Purchases of new U.S. homes rose in August, capping the weakest two months this year, showing the fallout from mortgage rates at a two-year high is cooling the real-estate rebound.
Sales increased 7.9% to a 421,000 annualized pace following a 390,000 rate in the prior month that was less than previously estimated, figures from the Commerce Department showed today in Washington. Demand slumped 14.1% in July. The median forecast of 77 economists surveyed by Bloomberg News called for 420,000.
The data highlight the risk that the run-up in borrowing costs pose for the housing rebound, which has boosted growth the past two years. Federal Reserve policy makers last week refrained from reducing the $85 billion pace of monthly bond buying, saying the tightening of financial conditions, if sustained, could slow the pace of improvement in the economy.
“Any recovery will have some bumps along the way, and the rise in mortgage rates is one of those bumps,” Scott Brown, chief economist for Raymond James & Associates Inc. in St. Petersburg, Florida, said before the report. “Higher rates are dampening demand but the evidence isn’t overwhelming. The sector should continue to expand.”
The back-to-back readings were the weakest this year, and fell short of an average 446,000 rate in the first six months of 2013.
Economists’ sales estimates ranged from 385,000 to 450,000. The data for July was previously reported as 394,000.
Another report today showed orders for equipment such as computers and machinery climbed less than forecast in August, indicating a strengthening in business spending will take time to develop.
Bookings for non-military capital goods excluding aircraft increased 1.5% after a 3.3% drop in July, the Commerce Department reported. The median forecast of economists surveyed by Bloomberg projected a 2% gain. Demand for all durable goods, those meant to last at least three years, rose 0.1% after plunging 8.1% in July.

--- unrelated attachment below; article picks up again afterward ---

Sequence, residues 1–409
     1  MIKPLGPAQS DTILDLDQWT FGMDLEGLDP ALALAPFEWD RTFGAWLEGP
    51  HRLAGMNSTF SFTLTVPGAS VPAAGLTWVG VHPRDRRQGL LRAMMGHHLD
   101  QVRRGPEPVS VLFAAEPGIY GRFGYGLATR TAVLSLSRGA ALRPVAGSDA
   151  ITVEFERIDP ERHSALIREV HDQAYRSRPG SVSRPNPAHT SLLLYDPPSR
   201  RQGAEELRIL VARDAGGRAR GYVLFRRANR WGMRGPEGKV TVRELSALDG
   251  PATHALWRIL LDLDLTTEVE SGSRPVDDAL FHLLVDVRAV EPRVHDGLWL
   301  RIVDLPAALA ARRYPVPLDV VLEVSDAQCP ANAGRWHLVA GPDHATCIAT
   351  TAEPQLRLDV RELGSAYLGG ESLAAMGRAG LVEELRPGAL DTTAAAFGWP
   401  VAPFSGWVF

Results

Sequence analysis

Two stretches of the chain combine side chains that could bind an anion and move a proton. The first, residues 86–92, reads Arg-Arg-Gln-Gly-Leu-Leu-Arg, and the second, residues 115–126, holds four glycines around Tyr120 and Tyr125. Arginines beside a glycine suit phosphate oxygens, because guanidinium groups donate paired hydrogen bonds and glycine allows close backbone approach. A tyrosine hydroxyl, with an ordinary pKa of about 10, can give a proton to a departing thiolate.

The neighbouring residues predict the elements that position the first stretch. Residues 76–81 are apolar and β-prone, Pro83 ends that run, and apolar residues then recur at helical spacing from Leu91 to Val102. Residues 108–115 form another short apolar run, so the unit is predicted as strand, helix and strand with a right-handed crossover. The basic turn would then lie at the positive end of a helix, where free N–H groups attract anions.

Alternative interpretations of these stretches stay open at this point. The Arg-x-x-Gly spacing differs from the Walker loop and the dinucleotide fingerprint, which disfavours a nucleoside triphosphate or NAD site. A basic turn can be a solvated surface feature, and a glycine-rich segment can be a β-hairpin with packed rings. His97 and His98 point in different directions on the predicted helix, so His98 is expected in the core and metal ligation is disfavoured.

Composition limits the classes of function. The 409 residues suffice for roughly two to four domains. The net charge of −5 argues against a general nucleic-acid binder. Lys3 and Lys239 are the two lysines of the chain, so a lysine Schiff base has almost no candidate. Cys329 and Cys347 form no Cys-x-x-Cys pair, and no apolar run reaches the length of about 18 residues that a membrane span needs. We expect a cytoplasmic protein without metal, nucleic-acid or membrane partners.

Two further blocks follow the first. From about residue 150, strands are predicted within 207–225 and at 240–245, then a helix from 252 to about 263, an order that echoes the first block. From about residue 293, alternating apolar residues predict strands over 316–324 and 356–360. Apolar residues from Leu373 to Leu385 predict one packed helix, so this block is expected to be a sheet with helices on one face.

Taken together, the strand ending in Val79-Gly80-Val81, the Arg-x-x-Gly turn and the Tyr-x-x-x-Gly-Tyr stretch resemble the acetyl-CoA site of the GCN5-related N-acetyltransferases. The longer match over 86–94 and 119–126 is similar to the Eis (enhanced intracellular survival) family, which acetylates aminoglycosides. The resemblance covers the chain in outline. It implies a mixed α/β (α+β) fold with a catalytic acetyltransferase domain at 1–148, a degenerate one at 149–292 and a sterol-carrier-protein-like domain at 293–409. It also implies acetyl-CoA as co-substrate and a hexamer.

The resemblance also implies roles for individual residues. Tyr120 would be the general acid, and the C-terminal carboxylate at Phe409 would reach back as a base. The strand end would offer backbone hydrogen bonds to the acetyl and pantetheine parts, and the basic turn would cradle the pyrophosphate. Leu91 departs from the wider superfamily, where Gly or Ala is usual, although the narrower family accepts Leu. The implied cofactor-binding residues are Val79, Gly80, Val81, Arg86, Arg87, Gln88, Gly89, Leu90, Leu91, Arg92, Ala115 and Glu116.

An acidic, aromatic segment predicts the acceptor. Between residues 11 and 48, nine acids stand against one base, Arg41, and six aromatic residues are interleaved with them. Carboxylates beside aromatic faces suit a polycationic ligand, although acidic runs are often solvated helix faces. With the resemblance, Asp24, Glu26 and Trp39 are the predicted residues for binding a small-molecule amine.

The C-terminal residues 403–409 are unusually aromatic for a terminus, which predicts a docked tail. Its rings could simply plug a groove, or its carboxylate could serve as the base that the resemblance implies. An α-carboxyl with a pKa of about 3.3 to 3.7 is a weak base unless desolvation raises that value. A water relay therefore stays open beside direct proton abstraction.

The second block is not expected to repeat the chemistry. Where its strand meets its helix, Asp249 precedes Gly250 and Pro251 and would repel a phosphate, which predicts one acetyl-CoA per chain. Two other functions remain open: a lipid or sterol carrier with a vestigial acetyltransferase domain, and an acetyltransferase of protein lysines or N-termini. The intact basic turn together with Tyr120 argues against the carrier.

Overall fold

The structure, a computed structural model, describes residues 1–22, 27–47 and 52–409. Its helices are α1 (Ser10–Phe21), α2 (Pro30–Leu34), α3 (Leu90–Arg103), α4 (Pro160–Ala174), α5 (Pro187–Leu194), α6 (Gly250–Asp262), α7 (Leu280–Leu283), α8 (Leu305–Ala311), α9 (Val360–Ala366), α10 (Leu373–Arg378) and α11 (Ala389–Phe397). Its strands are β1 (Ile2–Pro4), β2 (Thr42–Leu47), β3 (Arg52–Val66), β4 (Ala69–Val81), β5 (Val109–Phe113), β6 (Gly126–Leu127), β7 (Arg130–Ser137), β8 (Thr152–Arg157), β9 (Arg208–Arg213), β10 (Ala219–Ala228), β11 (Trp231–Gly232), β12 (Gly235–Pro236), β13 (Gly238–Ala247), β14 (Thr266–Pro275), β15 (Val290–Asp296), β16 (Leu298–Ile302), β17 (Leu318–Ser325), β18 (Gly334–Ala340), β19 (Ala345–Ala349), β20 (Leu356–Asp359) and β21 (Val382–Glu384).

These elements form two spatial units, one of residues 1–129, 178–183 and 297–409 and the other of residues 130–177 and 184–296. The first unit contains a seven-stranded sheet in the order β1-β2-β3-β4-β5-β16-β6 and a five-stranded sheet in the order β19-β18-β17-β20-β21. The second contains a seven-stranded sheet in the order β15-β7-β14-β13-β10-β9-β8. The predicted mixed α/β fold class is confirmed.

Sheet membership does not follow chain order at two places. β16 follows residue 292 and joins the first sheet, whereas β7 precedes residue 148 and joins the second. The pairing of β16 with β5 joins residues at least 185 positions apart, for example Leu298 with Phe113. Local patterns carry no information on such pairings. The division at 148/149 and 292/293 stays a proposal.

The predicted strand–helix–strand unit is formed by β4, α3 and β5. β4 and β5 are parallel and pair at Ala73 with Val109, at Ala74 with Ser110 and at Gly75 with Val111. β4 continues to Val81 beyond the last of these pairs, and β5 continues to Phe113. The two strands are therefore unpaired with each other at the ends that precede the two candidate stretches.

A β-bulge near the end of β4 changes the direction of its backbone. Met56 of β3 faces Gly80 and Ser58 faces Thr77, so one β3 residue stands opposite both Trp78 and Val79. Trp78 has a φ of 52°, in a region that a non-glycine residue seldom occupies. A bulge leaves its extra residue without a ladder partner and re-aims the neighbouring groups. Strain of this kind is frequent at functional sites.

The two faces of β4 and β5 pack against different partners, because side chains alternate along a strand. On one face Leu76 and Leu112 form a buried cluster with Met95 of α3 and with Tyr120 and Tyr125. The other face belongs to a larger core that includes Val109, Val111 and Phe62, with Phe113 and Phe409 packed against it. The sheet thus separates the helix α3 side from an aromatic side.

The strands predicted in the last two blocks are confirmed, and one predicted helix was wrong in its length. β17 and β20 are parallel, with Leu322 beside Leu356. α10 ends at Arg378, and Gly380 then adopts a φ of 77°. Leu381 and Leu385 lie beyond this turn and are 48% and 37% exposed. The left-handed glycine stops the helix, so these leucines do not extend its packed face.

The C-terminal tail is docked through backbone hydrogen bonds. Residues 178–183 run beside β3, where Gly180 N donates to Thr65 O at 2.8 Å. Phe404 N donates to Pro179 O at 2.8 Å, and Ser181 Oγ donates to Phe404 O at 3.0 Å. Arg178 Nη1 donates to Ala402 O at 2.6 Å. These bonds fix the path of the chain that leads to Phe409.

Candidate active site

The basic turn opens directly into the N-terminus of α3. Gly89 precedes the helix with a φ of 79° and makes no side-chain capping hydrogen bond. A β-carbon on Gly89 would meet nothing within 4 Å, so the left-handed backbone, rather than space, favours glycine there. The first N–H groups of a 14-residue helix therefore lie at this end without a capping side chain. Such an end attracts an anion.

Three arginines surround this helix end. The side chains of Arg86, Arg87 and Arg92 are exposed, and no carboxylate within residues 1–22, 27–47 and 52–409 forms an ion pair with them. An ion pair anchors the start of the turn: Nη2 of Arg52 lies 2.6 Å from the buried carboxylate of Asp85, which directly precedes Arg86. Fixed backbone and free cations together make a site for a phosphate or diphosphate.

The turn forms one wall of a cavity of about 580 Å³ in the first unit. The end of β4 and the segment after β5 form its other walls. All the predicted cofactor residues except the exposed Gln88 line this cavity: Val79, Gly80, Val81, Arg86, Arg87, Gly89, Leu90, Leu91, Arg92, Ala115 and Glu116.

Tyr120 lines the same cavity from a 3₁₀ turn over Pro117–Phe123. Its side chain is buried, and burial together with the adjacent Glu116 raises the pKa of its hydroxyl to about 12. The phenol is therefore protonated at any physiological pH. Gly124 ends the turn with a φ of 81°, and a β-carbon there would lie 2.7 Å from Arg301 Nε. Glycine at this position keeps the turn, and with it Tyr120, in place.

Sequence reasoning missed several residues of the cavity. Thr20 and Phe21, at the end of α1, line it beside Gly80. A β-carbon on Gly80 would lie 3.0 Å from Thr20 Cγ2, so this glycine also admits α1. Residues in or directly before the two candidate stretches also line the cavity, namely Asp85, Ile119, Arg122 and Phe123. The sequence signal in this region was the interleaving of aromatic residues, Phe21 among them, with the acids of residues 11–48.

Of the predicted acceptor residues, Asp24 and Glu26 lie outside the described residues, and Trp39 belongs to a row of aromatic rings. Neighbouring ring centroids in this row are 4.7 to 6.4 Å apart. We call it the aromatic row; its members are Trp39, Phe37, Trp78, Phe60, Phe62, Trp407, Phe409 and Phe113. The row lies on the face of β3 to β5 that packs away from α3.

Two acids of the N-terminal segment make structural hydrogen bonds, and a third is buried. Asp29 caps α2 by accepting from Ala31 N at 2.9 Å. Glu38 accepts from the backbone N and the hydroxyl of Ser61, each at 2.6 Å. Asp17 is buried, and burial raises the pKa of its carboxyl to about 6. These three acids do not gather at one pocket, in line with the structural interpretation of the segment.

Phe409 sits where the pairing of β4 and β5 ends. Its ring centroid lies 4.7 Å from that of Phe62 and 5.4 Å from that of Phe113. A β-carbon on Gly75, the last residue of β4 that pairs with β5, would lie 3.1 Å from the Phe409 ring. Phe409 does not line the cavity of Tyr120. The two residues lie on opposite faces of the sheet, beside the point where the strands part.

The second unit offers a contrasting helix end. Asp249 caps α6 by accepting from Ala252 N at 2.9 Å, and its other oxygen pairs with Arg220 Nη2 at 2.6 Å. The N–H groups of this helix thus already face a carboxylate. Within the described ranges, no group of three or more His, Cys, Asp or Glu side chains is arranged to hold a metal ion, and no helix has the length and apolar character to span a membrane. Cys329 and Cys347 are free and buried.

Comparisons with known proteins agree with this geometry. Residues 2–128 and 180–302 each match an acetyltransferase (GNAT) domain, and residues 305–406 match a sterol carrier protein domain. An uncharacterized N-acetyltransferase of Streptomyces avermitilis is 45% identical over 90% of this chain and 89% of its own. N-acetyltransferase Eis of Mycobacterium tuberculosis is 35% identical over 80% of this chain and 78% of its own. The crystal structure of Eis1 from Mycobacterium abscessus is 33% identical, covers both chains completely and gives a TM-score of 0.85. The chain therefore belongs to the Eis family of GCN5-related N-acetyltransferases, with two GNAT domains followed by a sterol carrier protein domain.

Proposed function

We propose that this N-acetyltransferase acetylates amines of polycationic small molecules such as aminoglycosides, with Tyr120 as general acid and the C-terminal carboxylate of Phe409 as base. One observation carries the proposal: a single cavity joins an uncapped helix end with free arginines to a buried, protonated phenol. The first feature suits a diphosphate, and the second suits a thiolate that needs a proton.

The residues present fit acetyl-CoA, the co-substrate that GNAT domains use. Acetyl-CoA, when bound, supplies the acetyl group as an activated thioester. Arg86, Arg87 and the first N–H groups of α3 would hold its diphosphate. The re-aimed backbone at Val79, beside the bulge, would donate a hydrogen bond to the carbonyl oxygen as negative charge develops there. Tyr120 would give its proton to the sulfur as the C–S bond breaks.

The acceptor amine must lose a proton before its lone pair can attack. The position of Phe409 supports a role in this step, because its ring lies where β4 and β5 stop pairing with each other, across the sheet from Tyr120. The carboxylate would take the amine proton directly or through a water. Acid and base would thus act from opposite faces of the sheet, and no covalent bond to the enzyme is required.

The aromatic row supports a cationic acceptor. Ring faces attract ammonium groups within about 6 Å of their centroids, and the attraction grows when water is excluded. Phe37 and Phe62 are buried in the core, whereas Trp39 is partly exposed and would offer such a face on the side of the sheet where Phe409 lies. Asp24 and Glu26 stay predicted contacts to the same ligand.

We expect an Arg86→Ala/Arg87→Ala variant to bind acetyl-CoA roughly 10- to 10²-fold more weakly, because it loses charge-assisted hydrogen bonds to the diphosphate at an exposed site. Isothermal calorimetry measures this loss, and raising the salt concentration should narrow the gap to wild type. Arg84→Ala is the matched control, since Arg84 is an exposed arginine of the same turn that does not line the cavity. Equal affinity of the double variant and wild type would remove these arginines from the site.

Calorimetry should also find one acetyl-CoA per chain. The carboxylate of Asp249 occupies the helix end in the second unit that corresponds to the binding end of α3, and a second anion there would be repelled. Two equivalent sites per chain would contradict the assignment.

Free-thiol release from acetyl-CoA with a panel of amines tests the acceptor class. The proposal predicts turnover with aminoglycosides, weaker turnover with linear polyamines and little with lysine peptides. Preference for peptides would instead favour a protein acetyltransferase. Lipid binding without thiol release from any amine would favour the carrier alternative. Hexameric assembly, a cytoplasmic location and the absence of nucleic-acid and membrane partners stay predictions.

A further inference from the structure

The median sales price for a new home increased 0.6% from August 2012, to reach $254,600, today’s report showed.
Purchases rose in three of four U.S. regions, led by a 19.6% jump in the Midwest. Sales dropped 14.6% in the West to an 82,000 annualized pace, the weakest since March 2012.
The supply of homes at the current sales rate fell to 5 months from 5.2 months in the prior month. There were 175,000 new houses on the market at the end of August, the most since March 2011.
New-home sales, tabulated when contracts are signed, are considered a timelier barometer than purchases of previously owned dwellings, which are calculated when a contract closes.
Newly constructed houses accounted for about 7% of the residential market in 2012, with resales accounting for the rest.
Sales of previously owned properties rose 1.7% in August to a 5.48 million annual rate, the most since February 2007, as buyers rushed to lock in interest rates that were starting to climb from near record-low levels, data from the National Association of Realtors showed last week. The number of existing houses on the market was 2.25 million at the end of August, the fewest for that month since 2002.
There are few signs the rise in mortgage rates will halt the housing rebound, according to homebuilder executives.
Lennar Corp., the third-largest U.S. homebuilder by revenue, said its fiscal third-quarter earnings rose as the company sold more houses and raised prices. The housing recovery “is still very much intact,” said Stuart Miller, chief executive officer of the Miami-based builder.
“We’ve experienced a slowdown in our sales pace and traffic in our community, as the consumer has adjusted to the change in the interest rate environment,” Miller said yesterday on a conference call with analysts. “But it is our belief that this change is mild and temporary given the extremely low levels of housing inventory in the market.”
Red Bank, New Jersey-based Hovnanian Enterprises Inc. reported a profit for its fiscal third quarter as net contracts climbed 1.8% and the contract backlog, an indication of future sales, jumped 18%.
The company is confident any hesitancy from its customers caused by the jump in borrowing costs “will be a temporary bump in the road to housing recovery,” Chief Executive Officer Ara Hovnanian said on a Sept. 9 conference call with analysts.
The rate on 30-year home loans averaged 4.50% in the week ended Sept. 19, close to the highest level since July 2011, according to data from McLean, Virginia-based Freddie Mac. The rate, which was as low as 3.81% at the end of May, began rising since Federal Reserve Chairman Ben S. Bernanke that month indicated the central bank may slow asset purchases.
The Fed last week maintained its $85 billion monthly pace of bond buying, saying it needs additional evidence of sustained improvement in the economy. “The tightening of financial conditions observed in recent months, if sustained, could slow the pace of improvement,” it said in a statement.
Builders began work on fewer homes than projected in August, Commerce Department figures showed earlier this month. Housing starts rose 0.9%, while permits, a proxy for future projects, dropped.